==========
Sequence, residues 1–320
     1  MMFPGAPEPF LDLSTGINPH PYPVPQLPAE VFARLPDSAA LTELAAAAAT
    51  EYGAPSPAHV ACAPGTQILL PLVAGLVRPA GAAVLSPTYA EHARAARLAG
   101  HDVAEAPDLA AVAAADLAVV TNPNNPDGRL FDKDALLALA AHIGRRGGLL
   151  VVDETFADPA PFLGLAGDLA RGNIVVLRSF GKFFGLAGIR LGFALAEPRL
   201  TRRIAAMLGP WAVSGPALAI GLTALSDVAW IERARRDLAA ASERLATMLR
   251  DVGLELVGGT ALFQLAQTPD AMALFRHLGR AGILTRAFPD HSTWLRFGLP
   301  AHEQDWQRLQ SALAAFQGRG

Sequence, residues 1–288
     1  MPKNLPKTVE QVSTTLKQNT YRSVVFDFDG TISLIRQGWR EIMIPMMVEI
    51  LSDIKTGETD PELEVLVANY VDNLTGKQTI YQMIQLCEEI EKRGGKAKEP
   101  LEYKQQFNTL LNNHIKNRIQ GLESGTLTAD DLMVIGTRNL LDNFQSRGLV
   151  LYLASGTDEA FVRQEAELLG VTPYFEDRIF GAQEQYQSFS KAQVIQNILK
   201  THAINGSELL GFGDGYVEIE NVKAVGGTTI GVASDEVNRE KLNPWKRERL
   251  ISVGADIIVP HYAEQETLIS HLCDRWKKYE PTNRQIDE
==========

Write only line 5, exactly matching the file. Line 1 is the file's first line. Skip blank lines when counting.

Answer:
   151  VVDETFADPA PFLGLAGDLA RGNIVVLRSF GKFFGLAGIR LGFALAEPRL